Tiwai celebrates 10 years of supporting students
Two Southland institutions have celebrated the anniversary of a programme changing attitudes about women in engineering.
For the past 10 years, Southland Girls' High School students have had the opportunity to get a first-hand experience of what it's like to work as an engineer at the Tiwai aluminium smelter.
At a special assembly on Tuesday, students, smelter staff, and dignitaries spoke on the achievements of the programme.
NZ Aluminium Smelters general manager Gretta Stephens talked about the importance of engineering for Southland, and the growing opportunities for women choosing to make it their career path.
Invercargill mayor Tim Shadbolt also spoke, along with parliamentary candidates Sarah Dowie, Ria Bond, and Dr Liz Craig.
Since the partnership began in 2008, 41 students have gone through the programme, with four more set to start their placement on Friday.
The year 13 students involved will spend a week on site at the smelter, working with engineers on projects.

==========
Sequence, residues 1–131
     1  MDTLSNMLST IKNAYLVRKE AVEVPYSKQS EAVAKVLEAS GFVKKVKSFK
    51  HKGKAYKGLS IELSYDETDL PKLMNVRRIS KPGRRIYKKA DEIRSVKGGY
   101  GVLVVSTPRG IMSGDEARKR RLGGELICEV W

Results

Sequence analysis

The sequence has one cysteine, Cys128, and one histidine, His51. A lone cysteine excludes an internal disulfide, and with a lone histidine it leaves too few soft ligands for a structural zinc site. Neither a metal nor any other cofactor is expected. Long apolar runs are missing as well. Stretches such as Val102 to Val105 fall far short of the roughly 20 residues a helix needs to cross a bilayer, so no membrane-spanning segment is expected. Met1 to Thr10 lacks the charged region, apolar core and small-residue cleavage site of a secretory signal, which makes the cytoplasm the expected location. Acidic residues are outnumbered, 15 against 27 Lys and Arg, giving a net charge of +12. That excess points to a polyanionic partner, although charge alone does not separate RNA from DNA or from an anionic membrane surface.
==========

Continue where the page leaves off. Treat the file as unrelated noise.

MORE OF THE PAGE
At the end of their stay, they have to present their findings to engineers and management.
It was a "fantastic" opportunity for both students and Tiwai staff, Stephens said.
"There was nothing like this when I was a high school student. When I was the same age as these girls I'd never even considered engineering as a career.
"All the work is stuff we need to know about ... and the teams enjoy having all that young energy coming into the plant."
Former Girls' High physics teacher Paul King, who helped kick start the programme, said there had been a visible change in attitudes throughout the past 10 years.
"It's a bit of a competition to get in now, we have to select the candidates now rather than asking them to go."